On November 19, 2004, Metta Sandiford-Artest (then known as Ron Artest) of the Indiana Pacers jumps into the stands to confront a Detroit Pistons fan who throws a drink at him as he rests on the scorers' table. This ignites what becomes known as "Malice at the Palace," one of the more infamous moments in sports history.
The game at the Palace of Auburn Hills in suburban Detroit—a rematch of the previous season's Eastern Conference Finals—was expected to be physical.
With roughly 46 seconds left and Indiana ahead, 97-82, Artest fouled Detroit's Ben Wallace, who shoved Artest, leading players and coaches from both teams to confront each other on the court. To calm himself, Artest lay on the scorers' table. Then a fan threw a cup of beer, hitting Artest.
Artest ran into the crowd, followed by his teammate, Stephen Jackson, leading to a chaotic scene. Artest and the Pacers' Jermaine O'Neal swung at two fans who rushed to the court. The remaining 45.9 seconds were never played.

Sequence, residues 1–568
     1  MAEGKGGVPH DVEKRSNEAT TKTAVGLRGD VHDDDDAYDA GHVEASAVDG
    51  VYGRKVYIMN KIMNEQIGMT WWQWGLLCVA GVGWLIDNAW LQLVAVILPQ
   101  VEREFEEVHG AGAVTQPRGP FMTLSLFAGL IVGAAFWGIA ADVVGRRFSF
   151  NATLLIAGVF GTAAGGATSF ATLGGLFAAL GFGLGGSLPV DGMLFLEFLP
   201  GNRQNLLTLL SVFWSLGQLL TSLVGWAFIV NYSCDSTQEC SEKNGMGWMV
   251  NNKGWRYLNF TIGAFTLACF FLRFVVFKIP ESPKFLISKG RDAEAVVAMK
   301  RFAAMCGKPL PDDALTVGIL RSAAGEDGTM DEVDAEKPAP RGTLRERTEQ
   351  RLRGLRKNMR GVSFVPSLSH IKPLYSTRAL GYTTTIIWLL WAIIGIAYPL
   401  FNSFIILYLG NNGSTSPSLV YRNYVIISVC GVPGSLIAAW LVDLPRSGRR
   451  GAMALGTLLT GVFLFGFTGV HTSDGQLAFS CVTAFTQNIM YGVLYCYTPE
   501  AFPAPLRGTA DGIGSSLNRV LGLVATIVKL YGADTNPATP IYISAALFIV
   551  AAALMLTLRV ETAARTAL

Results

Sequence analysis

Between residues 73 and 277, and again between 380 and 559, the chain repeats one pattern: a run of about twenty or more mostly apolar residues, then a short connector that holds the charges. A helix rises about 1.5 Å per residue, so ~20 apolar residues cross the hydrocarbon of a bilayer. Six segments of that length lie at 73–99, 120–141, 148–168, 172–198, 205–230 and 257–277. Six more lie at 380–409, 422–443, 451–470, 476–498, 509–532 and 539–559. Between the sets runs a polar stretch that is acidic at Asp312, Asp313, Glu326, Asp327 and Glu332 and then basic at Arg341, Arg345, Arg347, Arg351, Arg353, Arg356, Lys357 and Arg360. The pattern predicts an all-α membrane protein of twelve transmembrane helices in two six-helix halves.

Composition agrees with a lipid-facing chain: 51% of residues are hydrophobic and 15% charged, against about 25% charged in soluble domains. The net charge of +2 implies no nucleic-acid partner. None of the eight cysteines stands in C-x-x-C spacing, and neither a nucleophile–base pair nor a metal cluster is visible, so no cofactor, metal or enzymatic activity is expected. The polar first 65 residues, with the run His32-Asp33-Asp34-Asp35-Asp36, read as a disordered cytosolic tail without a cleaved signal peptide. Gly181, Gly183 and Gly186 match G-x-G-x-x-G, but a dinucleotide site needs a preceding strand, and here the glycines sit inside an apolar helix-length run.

In the locker room, Artest asked Jackson a strange question.
"After we calmed down, [Artest] looked at me like, 'Jack, you think we going to get in trouble?'" Jackson told Grantland in 2012. "Jamaal Tinsley fell out laughing. I said, 'Are you serious, bro? Trouble? Ron, we'll be lucky if we have a freaking job.'"
NBA commissioner David Stern suspended Artest for the remainder of the season, 73 games. Jackson (30 games), O'Neal (25) and Anthony Johnson (five) also were suspended. Wallace, whose shove started the brawl, received a six-game suspension. Other players received one-game suspensions for leaving their bench.
Artest played his final game in the NBA in 2017. He befriended the man who threw the cup of beer at him.